I will be a delegate for Cloud Field Day 5 on April 10-12. During the event we will be attending presentations from several vendors, which will be livestreamed. Before I leave on this grand adventure, I wanted to familiarize myself with each of the presenters and consider how their product/solution integrates with cloud computing. I’m also interested to hear from you about what questions you might have for each vendor, or topics you’d like me to bring up. As a delegate, I am meant to represent the larger IT community, so I want to know what you think! In this post I am going to consider VMware and what they’re doing with AWS.
If you were going to build a brand new application today, your approach would probably be fundamentally different than five or ten years ago. And I do mean fundamentally, as in the fundaments of the architecture would be different. In the last ten years we have moved rapidly from traditional three-tier applications to 12-factor apps using microservices, and now things are shifting again to serverless. That’s all well and good for any business looking to build a new application, but what about organizations that have traditional applications? I’ve also heard them called legacy or heritage applications. These applications are deeply ingrained in the business and are often what is actually generating the bulk of a company’s revenue. The company cannot survive without these applications, and modernizing them will be costly and fraught with risk. Due to the inherent risk, most companies opt to either keep these applications running on-premises or move them as-is to the public cloud, aka life and shift. That’s the reality we’re living with today, but tomorrow is knocking on the door and promising hybrid cloud to fix all this. What’s the reality and what’s the hype? And what is the most likely journey for most companies?
This week was AWS re:Invent, and I watched the keynote live-on Wednesday.
The three. hour. keynote.
During which Andy Jassy announced new features at a pace that is frankly astounding. Three hours should be too long for a keynote, and if I wasn’t watching from the comfort of my office, it would have been. Not only did the announcements keep unfolding for the full 270 minutes, but some didn’t even make it into the keynote. Running a three hour keynote is tough, creating enough new services and features to overflow a three hour keynote is amazing. My hat goes off to the engineering teams at AWS. It is truly staggering what you manage to accomplish each year.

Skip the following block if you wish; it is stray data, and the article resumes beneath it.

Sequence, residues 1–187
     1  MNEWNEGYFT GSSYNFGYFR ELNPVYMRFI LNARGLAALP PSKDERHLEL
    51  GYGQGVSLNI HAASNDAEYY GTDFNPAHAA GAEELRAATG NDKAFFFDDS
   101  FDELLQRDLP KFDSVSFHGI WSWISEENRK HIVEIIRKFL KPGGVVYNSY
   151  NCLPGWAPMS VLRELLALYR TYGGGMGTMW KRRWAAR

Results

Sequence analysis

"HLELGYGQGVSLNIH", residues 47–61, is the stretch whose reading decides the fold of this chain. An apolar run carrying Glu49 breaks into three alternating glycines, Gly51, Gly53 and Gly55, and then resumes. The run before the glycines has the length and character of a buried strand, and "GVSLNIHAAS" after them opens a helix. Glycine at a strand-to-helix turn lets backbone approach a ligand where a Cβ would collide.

Sigh. There’s an old adage that I always come back to. Just because you can do something, doesn’t mean that you should. In this case I am thinking about the recent announcement by Microsoft that Azure would be supporting bare metal deployments of VMware on Azure hardware. In case you’ve been living under a rock, AWS went GA with a very similar offering back in late August. Of course there are some specifics that differ, but the overall theme is the same. You can run your VMware workloads in their public cloud on bare metal, but still have close proximity to their respective public cloud services. Alas, just because it’s on Azure now, doesn’t make the idea any better, and I stand by my previous post.
This is going to be a controversial post I am almost certain. Basically, I am going to argue that the whole premise behind running VMware on AWS is fundamentally flawed and not a viable strategy for those who are currently running VMware or for VMware itself as a company. Get your angry comments ready, here we go!